Every time I take off my shirt to shower or change, I remember all the times I was told I was too short and chubby to be pretty. Every time I see my legs this thin, I remember the feeling of not being able to move or breath because I hadn’t eaten more than 300 calories a day for weeks. Every time I walk by a mirror and see that my face has thinned out or another chunk of hair is thinning and falling out, I remember the time I was told I needed to watch what I ate because I didn’t have a thigh gap (since then, I’ve made sure I always have one). Every morning I wake up and wonder how long it will be until my fingers have enough meat on them to keep me from having to check my rings all the time to make sure they haven’t fallen off and remember the rings I did lose when I was anorexic because my fingers were too thin to keep any on. Every time I look down at my nails and see they are in the same poor state they were five years ago after only a few days of poor nutrition, it is shocking and I fear for the health effects that aren’t seen so obviously, like my bones.
Every time I see my hip bones and ribs so clearly visible, I get sent back to a moment at a lake when I watched my friends splash in the water as I sat in the sand in my “modest” swim dress, my whole body shaking as the sun hit my skin and I felt like I was freezing to death. I remember the mother of one of my friends fretting over me, telling me that one slice of pizza wouldn’t kill me as my best friend and the boy I liked tried to feed it to me. Another time they tried to feed me chips, suffering through my snippy attitude and callousness to try to help me as I spiraled out of control.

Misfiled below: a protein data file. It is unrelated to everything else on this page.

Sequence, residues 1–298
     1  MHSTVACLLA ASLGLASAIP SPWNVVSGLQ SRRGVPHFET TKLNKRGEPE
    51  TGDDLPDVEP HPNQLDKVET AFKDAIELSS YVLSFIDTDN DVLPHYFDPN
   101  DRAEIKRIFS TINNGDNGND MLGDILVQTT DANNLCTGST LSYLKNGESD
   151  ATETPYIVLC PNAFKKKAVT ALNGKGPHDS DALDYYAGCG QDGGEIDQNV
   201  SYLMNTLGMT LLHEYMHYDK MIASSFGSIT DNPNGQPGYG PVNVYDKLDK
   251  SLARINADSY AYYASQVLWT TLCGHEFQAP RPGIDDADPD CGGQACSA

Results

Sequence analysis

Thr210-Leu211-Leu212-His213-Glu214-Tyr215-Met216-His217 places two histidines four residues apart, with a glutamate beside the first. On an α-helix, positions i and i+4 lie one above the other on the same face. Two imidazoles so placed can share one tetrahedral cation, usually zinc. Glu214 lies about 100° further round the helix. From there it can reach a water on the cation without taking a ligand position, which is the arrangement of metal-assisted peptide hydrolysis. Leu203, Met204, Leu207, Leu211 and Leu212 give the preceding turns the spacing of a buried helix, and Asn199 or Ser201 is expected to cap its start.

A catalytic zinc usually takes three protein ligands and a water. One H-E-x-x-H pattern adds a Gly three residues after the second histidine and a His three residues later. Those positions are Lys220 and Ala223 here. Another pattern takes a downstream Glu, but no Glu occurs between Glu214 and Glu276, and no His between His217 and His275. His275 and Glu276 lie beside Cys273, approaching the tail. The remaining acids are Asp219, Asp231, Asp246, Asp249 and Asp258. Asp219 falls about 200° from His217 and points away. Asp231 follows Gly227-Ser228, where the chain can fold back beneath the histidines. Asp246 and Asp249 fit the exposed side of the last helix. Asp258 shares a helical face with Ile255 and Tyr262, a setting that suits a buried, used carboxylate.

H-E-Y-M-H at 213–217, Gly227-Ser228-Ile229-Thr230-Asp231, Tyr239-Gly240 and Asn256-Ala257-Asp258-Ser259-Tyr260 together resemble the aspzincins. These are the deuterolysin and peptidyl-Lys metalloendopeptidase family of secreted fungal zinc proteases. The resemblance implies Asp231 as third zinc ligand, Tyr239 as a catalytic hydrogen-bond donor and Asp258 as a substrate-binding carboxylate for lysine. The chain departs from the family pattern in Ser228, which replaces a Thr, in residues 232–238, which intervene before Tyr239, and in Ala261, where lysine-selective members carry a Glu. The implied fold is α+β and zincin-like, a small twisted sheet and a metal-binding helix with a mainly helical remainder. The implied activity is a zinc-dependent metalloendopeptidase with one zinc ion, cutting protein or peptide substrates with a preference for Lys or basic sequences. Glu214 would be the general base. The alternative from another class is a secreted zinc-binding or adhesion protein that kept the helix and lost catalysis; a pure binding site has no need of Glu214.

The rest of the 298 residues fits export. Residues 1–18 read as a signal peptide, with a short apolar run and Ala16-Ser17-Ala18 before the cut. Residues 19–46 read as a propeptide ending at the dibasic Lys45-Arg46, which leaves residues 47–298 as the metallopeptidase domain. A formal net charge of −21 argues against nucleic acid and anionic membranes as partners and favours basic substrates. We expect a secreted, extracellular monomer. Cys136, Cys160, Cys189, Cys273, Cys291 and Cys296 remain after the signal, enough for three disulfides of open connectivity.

Those memories with my friends, above all the others, are the ones that make me cry. Because in everything that happened and that was said to me, they were the ones that tried desperately to take care of me, even when I was cranky with them. They didn’t care what I weighed. They loved me enough to want me around no matter what the scale said. They didn’t put my worth in what I looked like, and for that, I will be eternally grateful to them.
I remember the time one of my peers asked me how much I weighed and compared me to her. We weighed the same, but she was taller. It didn’t matter much to me at the time, but combined with other things that had been and would be said to me, it was the perfect storm.
My waist wasn’t right. My legs were too short. My hair was too wavy. My eyes were too plain. I was too fat. I had too many freckles. My skin was a “pizza pit“. I need to watch what I ate. I need to go on a diet. I needed to exercise more. I needed to whiten my teeth. I needed to bleach my mustache. I constantly heard, “You are eating all that?”My butt was too big. I wasn’t an hourglass figure. My boobs were too small. I needed to get some medication to make me pretty. I might need to get plastic surgery someday…
Then I was too thin. Then I needed a milkshake and a cheeseburger. Then my butt was too flat. Then I was too petite. Then I was a skinny b!tch. Then I was told I shouldn’t worry so much. Then I was a “twig”. Then my hair was too short and brittle. Then I looked sick. Then I heard “That’s all you are eating?” Then people said I wasn’t a “real women” anymore because I had a thigh gap. Then everything was worse that it had been before because nothing had changed except me.
I wasn’t enough.
Now I get to remember everything as I try to recover from a minor illness that most people would already be better from by now.
Now I get to deal with the consequences of other people’s words and actions by feeling ashamed of hiding my frame the same way I did so many years ago, but this time, the weight loss wasn’t my fault. It makes me angry that I am ashamed of something that wasn’t my fault. It makes me furious that I, as a child, learned how to hide my body and my weight. It isn’t a good life skill, it is a disgrace.
I’m just hoping and praying I gain back the weight before my mind decides it wants me to look like this. I don’t ever want to be this thin again.